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Dave Clarke’s program inspired by the women’s basketball team’s run to the Sweet Sixteen

Photo courtesy Quinnipiac Athletics

By: Morey Hershgordon

There’s no debate that the Quinnipiac women’s basketball team has inspired women’s sports programs all over the nation this past week during its unprecedented and historic run to the Sweet Sixteen. For one coach in particular who leads a similar program in Hamden, the Bobcats rise to national stardom has been extra special.

That’s Dave Clarke, head coach of the Quinnipiac women’s soccer team.

“To see a Quinnipiac women’s team play on a national level and reach the Sweet Sixteen and not with a lucky draw or a lucky 3-pointer or slowing down the game.”

“It’s incredible.”

There was no way Clarke was going to miss the team play in the NCAA Tournament. As excited as the rest of the Quinnipiac community was, he paid close attention both of Quinnipiac’s wins against No. 5 Marquette and No. 4 Miami (Fl.) this past weekend. Believe it or not, the coach who does his work on the pitch knows a thing or two about the hardwood.

“(Quinnipiac) got 3-pointers when they needed it, rebounds when they needed it. They got big plays, they got big free throws.”

Basketball aside, he saw many translatable skills that his team can use in the near future.

“They were unselfish and they worked for each other,” Clarke said. “They had a shared goal and they accomplished it together. You look at the bench and their reaction and you couldn’t tell who was a starter, who was a sub, or who was out injured. They were all invested in the game.”

Clarke has led the Quinnipiac women’s soccer program since 1999. For the past 18 years, he has sat across the table from women’s basketball head coach Tricia Fabbri in every staff meeting. And while he has reached the NCAA Tournament, Fabbri is always the first person he goes to when he needs advice about implementing a change in his program.

“Trish is the one I go to the most for advice on how to take that next step recruiting, the demands, the expectations the change in culture because she’s gone through it.”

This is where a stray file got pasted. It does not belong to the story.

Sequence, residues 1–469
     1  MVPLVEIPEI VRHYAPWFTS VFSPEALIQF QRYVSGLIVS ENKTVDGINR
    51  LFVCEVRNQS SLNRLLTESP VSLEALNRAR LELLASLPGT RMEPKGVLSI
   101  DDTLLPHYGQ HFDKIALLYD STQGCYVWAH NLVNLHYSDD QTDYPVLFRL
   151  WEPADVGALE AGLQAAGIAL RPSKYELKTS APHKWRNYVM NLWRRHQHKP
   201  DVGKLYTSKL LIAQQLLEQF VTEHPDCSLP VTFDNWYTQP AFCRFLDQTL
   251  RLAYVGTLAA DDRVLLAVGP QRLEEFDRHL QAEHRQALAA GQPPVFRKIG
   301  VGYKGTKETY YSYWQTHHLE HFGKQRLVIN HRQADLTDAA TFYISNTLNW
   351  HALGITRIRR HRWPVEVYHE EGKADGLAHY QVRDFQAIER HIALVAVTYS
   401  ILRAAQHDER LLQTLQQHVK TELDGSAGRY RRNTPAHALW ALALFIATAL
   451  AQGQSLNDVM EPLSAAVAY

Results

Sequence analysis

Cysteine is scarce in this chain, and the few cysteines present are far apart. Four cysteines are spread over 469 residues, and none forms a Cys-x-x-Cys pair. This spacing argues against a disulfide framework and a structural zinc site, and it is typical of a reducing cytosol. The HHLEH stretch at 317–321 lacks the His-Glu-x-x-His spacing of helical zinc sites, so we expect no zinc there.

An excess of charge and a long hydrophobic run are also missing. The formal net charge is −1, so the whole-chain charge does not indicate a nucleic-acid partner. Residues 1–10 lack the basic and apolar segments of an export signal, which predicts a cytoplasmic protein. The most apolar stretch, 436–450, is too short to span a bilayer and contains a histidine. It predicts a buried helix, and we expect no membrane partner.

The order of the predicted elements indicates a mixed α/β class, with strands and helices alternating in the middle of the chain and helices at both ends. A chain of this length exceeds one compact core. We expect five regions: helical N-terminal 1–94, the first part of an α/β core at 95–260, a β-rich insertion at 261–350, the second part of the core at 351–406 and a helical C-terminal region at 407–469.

“I don’t need to look outside (of Quinnipiac) for the standard (of excellence) and neither do my players.”

Clarke sees a lot of similarities between women’s college soccer and women’s college basketball. But the way mid-major programs make Sweet Sixteen-type runs surely aren’t built overnight.

“The parallels are the same with us because the power five conferences are going to dominate. ‘Can we go and beat a team? Yeah.’ But we’re not going to beat a team unless all 25, 26, 27 players are invested in it. And that doesn’t start in the game, or in a one year or two years. That starts in the recruiting process and identifying those players that fit into the system.”

He continued, noting the types of players that it takes to recruit to a school like Quinnipiac which is looking to build a history of athletic excellence.

“You have to sacrifice your own ego, your own goals as an individual for the team. This is not the school that one player can dominate in a sport. It’s just not going to happen. You’re not going to be put on a pedestal.”

Valuing the team is much more important than any individual success.

“The more that you read, the more that you pay attention you know that they believed,” Clarke said. “And she got the players to believe and you can’t place a value on that.”

Much like Fabbri’s team’s ending in 2016, Clarke’s saw the same this past Fall. A thrilling run all the way to the MAAC Championship game was halted one game before the big dance. Now, preparing his team for the upcoming season and getting over the final hump will be a little easier. They have familiar faces to relate too.

“These are players they know, these are players they go to class with. You try to tell that to your team and build that (same type of) atmosphere.”

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